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Monday 28th March 2011Our Shopping Cart Development Story

I've been prompted to write this blog post as we have just completely overhauled the shopping cart that comes with our ecommerce store solution. Our previous shopping cart worked perfectly well, and had all of the features and functions required to get customers from a-to-b, and paying for products, however there is always room for improvement and development.
The Shorter, The Better
We like to keep a keen eye on what is trending on the web, and how website design and programming is evolving to meet customer needs, and we have especially monitored the airwaves for talk about ecommerce shopping carts. The trend in this case seems to be that people want to spend less time in the cart than ever. They want to be able to see what they're buying, pick a payment option, fill in their details and be out of there. The fewer steps the better.
Shorter shopping carts have always worked best, simply because people are easily dissuaded from completing processes online if it seems too complex, or it is taking too long. It's an odd phenomenon, wherein we expect things to be more or less instant online. It's not like we would spend time shopping at Tesco, get to the checkouts and ditch a trolley full of food because the checkout line required that we wait more than a couple of minutes. 
Our last shopping cart process had 6 pages overall, those were:
  • Basket page with order summary
  • Details page where you sign in if you're already a member, or fill in your details if you're new
  • Shipping page where you make your shipping choices and review the cost of that
  • Final order summary page and payment choice page
  • Payment page
  • Order confirmation page
We based that shopping cart on the Amazon model, because that was obviously working very well for Amazon, given it's rate of growth and market dominance. 
Our new shopping cart process is now much more streamline:
  • Basket summary, with shipping choices and choice of payment methods
  • Express checkout / log in page
  • Your details
  • Payment page where you fill in credit card details etc
  • Order confirmation
We have already found that, by shortening the cart to fewer pages, that our clients have seen drastic increases in the number of shopping cart conversions. Increased conversions means increased profits, which is the aim of the game where ecommerce is concerned.
Clean, Clear and Comfortable
As well as shortening our shopping cart solution, we also completely changed the design of it. We reviewed what was 100% necessary for people to see during the cart process, and what could be classed as extraneous information that either crowded the cart, or caused people's attention to be diverted from the goal of checking out.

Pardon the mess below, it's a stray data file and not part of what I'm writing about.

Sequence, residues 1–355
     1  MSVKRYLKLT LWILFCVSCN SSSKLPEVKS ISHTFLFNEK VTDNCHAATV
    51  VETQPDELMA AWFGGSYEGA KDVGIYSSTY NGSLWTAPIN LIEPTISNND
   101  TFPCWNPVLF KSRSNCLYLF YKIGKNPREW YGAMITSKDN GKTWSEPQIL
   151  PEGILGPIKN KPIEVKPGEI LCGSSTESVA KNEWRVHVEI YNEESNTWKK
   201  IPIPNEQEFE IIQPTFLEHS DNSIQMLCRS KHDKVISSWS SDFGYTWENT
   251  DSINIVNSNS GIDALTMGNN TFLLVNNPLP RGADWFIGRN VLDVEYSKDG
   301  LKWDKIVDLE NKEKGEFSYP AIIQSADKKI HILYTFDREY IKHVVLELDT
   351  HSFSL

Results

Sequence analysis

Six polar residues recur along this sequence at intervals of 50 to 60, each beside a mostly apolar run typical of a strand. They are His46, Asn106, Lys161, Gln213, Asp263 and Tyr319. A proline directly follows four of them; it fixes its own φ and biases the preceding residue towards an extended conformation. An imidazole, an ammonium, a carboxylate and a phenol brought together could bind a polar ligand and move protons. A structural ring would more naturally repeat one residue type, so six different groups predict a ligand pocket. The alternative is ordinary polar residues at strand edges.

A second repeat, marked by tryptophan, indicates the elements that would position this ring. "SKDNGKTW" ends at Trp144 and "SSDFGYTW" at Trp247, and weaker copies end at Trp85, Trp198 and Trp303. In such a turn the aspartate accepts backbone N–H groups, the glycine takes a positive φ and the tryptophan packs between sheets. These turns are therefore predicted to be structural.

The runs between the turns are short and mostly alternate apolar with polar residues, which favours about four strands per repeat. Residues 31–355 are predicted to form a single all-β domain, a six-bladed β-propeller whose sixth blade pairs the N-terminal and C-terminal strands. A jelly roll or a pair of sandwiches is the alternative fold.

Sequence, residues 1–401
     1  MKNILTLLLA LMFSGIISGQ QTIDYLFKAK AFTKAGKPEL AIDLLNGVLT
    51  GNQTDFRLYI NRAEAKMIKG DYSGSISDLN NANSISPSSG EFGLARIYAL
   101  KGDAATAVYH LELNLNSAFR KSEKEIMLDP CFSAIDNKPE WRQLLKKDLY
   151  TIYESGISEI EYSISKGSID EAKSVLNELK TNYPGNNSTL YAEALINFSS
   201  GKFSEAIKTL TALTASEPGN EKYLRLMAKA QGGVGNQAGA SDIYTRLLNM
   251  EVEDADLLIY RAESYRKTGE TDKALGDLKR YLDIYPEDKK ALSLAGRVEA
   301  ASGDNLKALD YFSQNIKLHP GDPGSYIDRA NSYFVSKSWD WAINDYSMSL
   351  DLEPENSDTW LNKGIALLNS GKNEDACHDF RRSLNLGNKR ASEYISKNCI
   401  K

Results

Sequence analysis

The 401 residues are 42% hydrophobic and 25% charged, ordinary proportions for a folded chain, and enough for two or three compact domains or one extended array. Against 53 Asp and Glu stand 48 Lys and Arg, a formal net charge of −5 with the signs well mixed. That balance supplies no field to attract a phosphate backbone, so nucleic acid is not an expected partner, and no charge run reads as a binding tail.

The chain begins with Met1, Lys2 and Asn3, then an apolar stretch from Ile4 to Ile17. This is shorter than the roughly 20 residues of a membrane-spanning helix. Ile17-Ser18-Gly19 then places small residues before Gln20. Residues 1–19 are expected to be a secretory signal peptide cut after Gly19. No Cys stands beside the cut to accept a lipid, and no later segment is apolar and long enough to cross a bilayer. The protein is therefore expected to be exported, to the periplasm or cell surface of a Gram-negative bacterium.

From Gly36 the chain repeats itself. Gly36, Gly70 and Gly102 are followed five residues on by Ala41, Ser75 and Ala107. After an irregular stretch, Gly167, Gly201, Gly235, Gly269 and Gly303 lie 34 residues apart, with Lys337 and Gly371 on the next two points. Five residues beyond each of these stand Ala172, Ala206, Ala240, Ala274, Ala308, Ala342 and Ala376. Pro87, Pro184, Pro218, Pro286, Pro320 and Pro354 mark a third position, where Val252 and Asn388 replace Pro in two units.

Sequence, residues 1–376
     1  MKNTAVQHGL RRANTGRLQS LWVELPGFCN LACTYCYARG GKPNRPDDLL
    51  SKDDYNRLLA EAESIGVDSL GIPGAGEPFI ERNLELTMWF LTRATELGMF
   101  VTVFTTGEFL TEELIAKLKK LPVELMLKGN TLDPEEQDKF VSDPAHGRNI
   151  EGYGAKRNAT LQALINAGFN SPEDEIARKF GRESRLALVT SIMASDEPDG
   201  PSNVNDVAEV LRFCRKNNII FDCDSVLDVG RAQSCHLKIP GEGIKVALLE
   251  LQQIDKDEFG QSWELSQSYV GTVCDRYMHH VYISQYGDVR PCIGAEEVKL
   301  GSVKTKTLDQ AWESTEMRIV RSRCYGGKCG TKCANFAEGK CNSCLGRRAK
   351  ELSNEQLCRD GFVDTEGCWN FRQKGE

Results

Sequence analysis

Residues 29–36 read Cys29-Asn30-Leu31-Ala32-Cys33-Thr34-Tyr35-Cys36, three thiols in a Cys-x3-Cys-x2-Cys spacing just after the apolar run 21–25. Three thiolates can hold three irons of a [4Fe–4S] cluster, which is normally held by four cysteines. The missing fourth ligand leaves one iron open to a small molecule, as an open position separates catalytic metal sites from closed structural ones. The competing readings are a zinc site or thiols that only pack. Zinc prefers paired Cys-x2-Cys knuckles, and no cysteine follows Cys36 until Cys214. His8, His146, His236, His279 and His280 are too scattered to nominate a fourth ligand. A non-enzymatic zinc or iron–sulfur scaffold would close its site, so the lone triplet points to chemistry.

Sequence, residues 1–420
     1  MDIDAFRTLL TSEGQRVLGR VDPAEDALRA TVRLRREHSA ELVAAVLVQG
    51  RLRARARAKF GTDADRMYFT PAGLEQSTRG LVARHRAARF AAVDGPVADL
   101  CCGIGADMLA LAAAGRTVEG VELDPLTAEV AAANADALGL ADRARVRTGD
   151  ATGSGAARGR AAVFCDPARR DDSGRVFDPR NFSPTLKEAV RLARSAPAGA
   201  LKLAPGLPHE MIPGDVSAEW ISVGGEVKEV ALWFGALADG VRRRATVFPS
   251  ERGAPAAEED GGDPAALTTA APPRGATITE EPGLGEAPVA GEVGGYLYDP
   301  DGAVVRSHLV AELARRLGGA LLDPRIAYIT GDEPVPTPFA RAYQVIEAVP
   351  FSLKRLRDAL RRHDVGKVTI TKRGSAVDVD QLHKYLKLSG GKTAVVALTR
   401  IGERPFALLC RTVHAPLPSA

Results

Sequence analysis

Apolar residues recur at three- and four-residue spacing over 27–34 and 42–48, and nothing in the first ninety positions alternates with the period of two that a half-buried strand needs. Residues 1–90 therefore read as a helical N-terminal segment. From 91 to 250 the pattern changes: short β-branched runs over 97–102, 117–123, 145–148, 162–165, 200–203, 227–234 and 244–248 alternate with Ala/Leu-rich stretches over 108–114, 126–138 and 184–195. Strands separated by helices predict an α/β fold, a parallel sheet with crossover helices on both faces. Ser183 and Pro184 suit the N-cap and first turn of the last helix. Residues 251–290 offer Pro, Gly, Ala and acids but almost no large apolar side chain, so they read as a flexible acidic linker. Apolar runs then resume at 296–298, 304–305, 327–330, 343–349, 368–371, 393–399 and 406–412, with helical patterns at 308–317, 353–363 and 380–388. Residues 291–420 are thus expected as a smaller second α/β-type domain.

The first thing that we did was clean the cart up and clarify the order status at all times throughout the cart. For the most part, that meant creating the cart in a split screen view, meaning that you can see your order, and the cart total at each stage so that you can see exactly how much you are going to be spending, and perhaps alter your choices accordingly.  We found that this meant that people didn't feel the need to use the back button, or to move back in the cart at all for any reason, which is good as the aim is to keep them moving forward. 
Another major change that we made was to offer an Express Checkout, meaning that existing users could log in if they wanted to, or they could just use the express checkout to quickly make their payment and complete their order. The same for new users, they weren't required to create an account. They could use the express checkout, and if they wanted to, those details could be used to create an account at the end of the process. We find that most people use the Express Checkout regardless of whether they have used the site before or not. 
Something which we've always considered important, is allowing customers to pay on the website pages where they are making their purchase, rather than re-directing to the payment processors site (such as Paypal). This became a more complex process with the introduction of stringent PCI DSS compliance rules, but this was something we were able to overcome with the new cart by offering iFrame integration. This means that our clients can allow their customers to pay on-site, using various payment options, but for the transactions to be processed through the payment processors systems, meaning that no credit card data is stored or transfered on our clients sites. 
Lessons Learned
Throughout the development process, we have learned a great deal about how customers interact with shopping carts when dealing with an ecommerce website, and have been able to apply this to the ecommerce solution that we offer our clients. 
We know that shorter shopping carts perform much better,  so it became a case of learning just how short a cart needed to be to perform well, while retaining all of the features that a good shopping cart needs. 
We know that on-site payments are better for conversion, so we learned how to make that happen in the most efficient, and hassle-free way for our clients.
We learned which features of a shopping cart pull customers through to the end, and what may potentially halt or slow down their progress. We then built the cart around removing these features. 
Overall we feel that we have achieved a lot in developing our new cart, with clients reporting increases in shopping cart conversions, and a drop in shopping cart abandonment. 

Posted on March 28th 2011 on 01:48pm

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